Back when I was a young pup, just starting out in this business we call news, the first time they ever let me express my opinion in the paper (complete with mug shot and me wearing a loaner tie), it was during the New Year's season.
And like many columnists, humorists, opinionated hacks and the like, I took advantage of the season to write out resolutions for all the people in the news at the time.
At the time, it felt like a shining accomplishment. Here I was some punk college kid working for his hometown daily newspaper (one he actually delivered on a bicycle as a punk teenager), getting to act like one of those big-shot Page 2 columnists that hooked me into the business.
And in the 20-something years since, I haven't written another set of resolutions.
So, I'm due.
You've been warned.
McDonald's: If the plan is to open in Loma Linda, then be a good neighbor. Take the time to create -- and market -- items that will allay the fears of the community. Items that don't just have the word "salad" in them. Troll the Carl's Jr. website, and they offer their guacamole burger -- without the burger. I once saw a register card that touted the idea of using mushrooms as a subsititute as well. You've got the tortillas in restaurants, too. Use them.
Loma Linda's McDonald's Haters: Take this opportunity -- if it comes to town -- to affect changes for the restaurant, at least in your community. You do that by working with the local owner/operator. Present ideas on how they can better serve you. That way, the community gets the benefit of your ideas and the tax dollars. And if they don't want to change -- well, then vote with your wallets.
Tea Party members: Compromise [kom-pruh-mahyz]. a settlement of differences by mutual concessions; an agreement reached by adjustment of conflicting or opposing claims, principles, etc., by reciprocal modification of demands. Please. No one wants their taxes raised. NO ONE. But to sit on your hands making demands without giving anything substantial back? It's killing us out here in the real world (I believe you called it "Main Street").
Occupy members: Get the message straight and organized. Not just at the local level, but state and nationwide. The protest after the Rose Parade seems like a good start, since it has a unified message (corporate money out of politics). But you're going to need to start trying to use any of your clout to get behind people who will help make the political changes you want.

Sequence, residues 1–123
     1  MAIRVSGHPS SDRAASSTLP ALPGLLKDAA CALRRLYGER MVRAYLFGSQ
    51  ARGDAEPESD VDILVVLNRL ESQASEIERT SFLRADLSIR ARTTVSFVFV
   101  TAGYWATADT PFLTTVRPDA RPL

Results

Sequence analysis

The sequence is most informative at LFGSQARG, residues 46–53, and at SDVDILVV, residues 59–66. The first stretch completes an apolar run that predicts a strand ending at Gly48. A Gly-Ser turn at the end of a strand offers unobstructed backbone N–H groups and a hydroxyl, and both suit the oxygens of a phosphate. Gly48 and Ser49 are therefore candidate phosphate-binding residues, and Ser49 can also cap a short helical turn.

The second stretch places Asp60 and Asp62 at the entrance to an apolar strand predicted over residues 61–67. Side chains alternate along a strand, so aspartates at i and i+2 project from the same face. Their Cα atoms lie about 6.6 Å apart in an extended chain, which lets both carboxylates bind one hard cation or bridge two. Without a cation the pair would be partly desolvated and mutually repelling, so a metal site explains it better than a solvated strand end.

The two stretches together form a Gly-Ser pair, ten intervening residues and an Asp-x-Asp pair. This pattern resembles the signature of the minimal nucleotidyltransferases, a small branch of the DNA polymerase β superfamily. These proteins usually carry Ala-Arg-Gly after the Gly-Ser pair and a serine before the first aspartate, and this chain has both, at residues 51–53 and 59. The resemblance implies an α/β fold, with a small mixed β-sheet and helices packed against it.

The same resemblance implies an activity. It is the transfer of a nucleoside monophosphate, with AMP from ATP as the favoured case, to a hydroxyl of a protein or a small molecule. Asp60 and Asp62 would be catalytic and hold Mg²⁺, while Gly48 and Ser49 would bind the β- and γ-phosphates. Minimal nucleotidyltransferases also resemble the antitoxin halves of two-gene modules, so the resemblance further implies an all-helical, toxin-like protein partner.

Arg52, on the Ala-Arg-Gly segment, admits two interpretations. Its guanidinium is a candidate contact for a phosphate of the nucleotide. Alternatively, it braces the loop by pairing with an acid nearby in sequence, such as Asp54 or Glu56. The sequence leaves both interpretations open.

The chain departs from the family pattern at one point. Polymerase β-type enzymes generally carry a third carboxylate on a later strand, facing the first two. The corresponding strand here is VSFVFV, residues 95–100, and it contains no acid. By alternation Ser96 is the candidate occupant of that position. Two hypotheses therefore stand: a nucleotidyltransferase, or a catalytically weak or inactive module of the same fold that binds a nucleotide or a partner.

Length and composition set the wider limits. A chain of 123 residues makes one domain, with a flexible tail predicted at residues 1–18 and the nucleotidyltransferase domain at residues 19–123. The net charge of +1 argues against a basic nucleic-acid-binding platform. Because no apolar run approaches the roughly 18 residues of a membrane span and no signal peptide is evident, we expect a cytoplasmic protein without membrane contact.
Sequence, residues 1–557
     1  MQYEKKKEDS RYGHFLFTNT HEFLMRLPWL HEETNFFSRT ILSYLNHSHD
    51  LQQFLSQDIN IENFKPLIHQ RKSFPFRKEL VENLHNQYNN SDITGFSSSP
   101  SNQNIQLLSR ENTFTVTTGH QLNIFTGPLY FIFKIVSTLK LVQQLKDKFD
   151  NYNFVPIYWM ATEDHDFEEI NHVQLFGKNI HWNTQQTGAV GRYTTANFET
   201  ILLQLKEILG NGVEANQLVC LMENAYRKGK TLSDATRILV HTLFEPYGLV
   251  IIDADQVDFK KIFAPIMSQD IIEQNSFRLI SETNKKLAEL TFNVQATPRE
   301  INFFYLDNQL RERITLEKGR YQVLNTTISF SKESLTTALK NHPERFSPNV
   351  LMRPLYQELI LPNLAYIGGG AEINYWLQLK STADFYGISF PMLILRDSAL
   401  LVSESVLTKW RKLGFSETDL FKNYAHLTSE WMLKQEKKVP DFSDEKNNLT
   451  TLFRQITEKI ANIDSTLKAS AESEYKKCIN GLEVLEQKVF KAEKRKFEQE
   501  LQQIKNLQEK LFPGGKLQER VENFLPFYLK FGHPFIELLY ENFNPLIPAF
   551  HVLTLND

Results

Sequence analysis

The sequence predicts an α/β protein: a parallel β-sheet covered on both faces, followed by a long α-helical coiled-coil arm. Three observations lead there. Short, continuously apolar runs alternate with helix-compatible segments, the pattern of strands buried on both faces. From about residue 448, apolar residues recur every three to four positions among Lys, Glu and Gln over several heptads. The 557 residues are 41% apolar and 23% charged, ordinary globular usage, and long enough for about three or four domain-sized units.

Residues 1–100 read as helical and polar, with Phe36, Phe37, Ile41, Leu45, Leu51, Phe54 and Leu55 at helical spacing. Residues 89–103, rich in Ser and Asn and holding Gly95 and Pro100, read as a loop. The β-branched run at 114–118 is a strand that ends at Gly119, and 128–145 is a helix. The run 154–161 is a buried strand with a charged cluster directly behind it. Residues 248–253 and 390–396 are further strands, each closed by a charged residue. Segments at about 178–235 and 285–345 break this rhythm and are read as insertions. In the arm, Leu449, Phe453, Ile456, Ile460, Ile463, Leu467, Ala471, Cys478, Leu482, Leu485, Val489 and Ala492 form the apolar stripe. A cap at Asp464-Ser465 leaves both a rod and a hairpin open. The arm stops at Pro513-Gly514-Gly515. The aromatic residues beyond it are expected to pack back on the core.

Terrorists/hooligans/protestors: Leave the Olympics alone. I know London 2012 is a juicy target for making a stand against whatever message you want to put out there. But no. There are going to be too many people there who just want to compete at their chosen endeavor for two weeks. Some of them have no chance of winning ... but they're at the Olympics, and no one should ever take that away from them over political or religious idealism.
Cos-play groups: Stop threatening news organizations with lawsuits. The Nathan Gastineau trial is serious business, and isn't about you. But your name is going to come up (and you probably won't like the context) and it will be the news organization's job to report what happens in court (which means we'll have to mention your name), with an absence of malice. At least two people's lives are going to be run through the mud in court and come out covered in muck, and you keep complaining about getting a speck of dirt on your sleeve. We get it -- the group didn't do anything wrong, and nothing ever happened at group events. But like it or not, you're a part of story, and that's not going to change.
National Hockey League: Learn from the lockouts that the National Football League and National Basketball Association and get your contract settled before it gets ugly. The one thing you need to realize is that if you go out, it won't garner the same attention that the other two leagues did this summer. So keep your house in order and get a deal done. And while you're at it, figure out the concussion problem you're having.
Fresh and Easy: Do something -- anything -- in Loma Linda. If you're staying, then give everyone a sign as to when you're going to open. If not, then take the signs and equipment and leave.
Everyone out there: Treat everyone with respect. Be nice to one another. Vote. Be heard. Don't let an election go by without sumbitting a ballot. Get involved or get left behind.
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